We love metaphors in our little group. They inform so much of our understanding of the world and the more we look at them the more they afford us a chance to explore the influence and impact of our language on our thoughts and behavior. I always think of the often paraphrased saying, “our thoughts become our words, our words become our actions, our actions become our habits and our habits define our character.” I think that’s Buddha but it might also be Big Bird. Either way, I dig it.
Rovelli’s work fed right into our theory/belief that language can both inform and hide many insights into our behavior. He spends the majority of his work explaining time in regards to a myriad of different metaphors. Time is an illusion. Time is a shelter. Time is a prescription. Time is an affliction. Time is a kiss. Time is a stone. Time is a placebo. That last one was one of my colleague’s. In the end, even Rovelli, a leading expert in high-end Quantum Physics, couldn’t pin down what exactly time IS, which was really kind of cool because it gave all of us an excuse to slow down, dig in, and think about a topic that, on the surface, should be common sense…it’s just time.
So why the heck am I taking time to write about the metaphor of time on a blog for a CrossFit gym? Well, time is kind of important in the world of CrossFit. They made a documentary a few years ago called, Every Second Counts. We live and die by the clock. We time everything. So time, in a very real sense, is the measure of our fitness. In other words, time is fitness. The faster you are, the fitter you are. But is that true? Does time really define fitness?
In the construct of work capacity, time is the denominator of our function that defines how much work you do. Move a large load a far distance in a certain amount of time, and we can calculate your work. Do it faster next month and we say you are fitter because you have done more work and thus improved your work capacity. So, what’s the dilemma…well, time doesn’t always work so cleanly in real life.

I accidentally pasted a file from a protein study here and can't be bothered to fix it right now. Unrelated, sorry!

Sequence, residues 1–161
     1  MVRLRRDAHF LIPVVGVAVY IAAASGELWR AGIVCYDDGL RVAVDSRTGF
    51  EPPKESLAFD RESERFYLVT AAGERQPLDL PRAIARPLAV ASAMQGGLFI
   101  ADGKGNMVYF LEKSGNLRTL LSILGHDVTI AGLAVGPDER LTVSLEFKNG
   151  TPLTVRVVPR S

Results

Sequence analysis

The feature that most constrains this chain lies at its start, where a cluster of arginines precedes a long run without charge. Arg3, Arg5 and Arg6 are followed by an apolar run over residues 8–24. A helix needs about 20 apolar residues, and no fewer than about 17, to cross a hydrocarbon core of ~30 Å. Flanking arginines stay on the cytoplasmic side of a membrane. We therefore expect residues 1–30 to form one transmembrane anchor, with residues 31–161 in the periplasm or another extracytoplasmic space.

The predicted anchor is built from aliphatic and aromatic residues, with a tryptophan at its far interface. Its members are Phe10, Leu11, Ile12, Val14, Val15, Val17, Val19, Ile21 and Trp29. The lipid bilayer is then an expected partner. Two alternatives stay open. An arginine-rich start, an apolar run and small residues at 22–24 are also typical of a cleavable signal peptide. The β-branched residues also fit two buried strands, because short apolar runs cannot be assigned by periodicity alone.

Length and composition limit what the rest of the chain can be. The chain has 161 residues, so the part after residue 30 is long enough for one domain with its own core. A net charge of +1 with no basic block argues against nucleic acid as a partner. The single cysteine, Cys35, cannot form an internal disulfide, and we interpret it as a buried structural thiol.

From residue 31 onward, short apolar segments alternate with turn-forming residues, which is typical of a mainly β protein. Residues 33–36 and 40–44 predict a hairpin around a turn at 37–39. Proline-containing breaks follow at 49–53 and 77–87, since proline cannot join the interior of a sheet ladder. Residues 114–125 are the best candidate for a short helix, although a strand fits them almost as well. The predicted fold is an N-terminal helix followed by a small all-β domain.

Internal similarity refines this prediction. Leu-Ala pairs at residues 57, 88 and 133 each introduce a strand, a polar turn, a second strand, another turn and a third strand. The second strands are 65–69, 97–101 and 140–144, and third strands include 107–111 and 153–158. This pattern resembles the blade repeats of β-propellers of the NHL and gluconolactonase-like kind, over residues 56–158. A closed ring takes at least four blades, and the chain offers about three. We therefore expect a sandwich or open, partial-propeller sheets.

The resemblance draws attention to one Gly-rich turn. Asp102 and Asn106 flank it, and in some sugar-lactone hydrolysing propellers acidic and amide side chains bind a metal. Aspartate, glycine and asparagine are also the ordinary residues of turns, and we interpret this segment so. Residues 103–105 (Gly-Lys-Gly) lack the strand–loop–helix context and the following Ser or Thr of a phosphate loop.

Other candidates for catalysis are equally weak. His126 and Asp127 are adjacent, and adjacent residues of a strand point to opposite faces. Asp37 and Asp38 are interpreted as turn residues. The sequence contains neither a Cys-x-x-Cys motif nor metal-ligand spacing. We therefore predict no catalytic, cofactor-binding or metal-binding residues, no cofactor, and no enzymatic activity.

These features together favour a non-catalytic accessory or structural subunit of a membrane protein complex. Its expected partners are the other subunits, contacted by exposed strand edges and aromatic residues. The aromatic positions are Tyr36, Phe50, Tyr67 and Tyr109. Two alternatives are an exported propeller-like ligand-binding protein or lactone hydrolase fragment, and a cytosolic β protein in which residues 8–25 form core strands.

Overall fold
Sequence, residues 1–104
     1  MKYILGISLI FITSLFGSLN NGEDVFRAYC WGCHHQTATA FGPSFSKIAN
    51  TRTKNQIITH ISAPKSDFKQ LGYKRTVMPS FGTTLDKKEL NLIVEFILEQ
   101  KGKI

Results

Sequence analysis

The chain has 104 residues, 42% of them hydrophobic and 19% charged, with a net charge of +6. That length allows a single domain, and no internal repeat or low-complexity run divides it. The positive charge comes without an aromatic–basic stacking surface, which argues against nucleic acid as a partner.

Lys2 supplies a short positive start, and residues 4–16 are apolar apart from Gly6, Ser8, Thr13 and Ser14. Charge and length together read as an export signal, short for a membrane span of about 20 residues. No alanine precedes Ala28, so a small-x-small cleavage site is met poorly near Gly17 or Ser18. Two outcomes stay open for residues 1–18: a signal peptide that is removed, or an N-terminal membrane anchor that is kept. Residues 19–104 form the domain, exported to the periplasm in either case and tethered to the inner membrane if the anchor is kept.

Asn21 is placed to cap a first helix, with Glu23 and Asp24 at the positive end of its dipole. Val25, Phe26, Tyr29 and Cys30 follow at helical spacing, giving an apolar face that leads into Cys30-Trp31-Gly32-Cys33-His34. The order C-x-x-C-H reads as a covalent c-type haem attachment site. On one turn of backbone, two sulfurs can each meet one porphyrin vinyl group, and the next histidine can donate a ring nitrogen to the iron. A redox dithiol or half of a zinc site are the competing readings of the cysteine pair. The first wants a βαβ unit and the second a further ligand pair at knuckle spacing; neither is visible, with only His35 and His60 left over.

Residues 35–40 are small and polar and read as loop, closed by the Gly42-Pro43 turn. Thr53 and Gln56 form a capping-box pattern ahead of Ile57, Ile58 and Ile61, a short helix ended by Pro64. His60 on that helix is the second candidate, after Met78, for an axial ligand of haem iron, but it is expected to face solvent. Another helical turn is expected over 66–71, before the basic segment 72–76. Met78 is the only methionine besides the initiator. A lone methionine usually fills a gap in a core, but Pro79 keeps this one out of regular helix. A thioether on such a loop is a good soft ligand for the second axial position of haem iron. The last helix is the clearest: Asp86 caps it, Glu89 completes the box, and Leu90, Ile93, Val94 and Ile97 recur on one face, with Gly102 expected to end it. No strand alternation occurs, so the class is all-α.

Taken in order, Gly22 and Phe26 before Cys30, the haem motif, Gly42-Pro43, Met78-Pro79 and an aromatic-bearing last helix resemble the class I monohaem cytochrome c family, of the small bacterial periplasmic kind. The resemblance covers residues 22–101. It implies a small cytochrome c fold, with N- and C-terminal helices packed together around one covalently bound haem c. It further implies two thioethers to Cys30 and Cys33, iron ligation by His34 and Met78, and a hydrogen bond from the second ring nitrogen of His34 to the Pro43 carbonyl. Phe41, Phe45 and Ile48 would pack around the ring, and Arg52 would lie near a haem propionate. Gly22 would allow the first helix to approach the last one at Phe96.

In the world of CrossFit, we hold that improvements in fitness must be observable, measurable, and relatable, therefore improvable. Using time as the sole independent variable fits this model and makes it work well. But what happens when other variables change. My work schedule increases. I have a major life change. I move locations. I get older. I get injured. And, next thing you know, all of my WOD times stop improving. By definition, I guess we could say I am less fit, but I bristle against this being the sole measure of my fitness. Here in lies the power of the metaphor. I would agree that in regards to a work capacity equation, my fitness has decreased but what about my emotional fitness? My personal relationship fitness? My professional fitness? Can I even measure those things in the construct of fitness? Why not…don’t we say things like, “He was unfit for the position?” Or, “You know, this just doesn’t fit in my life right now.” Or, “I really like when I figure out how to fit it all in.” So what’s the metaphor there? What am I measuring…observing…repeating? I think there’s a lot of room for things to improve even if WOD times don’t.
In the end, like Rovelli, I don’t have an answer for you but I sure do like asking the question. And I like challenging myself to honestly sit with it for a few minutes rather than rush to an answer. Who knows, I might actually be improving my mental and emotional fitness. But I guess that’s if you even buy any of this “time” stuff in the first place. Uh oh, is that a new metaphor?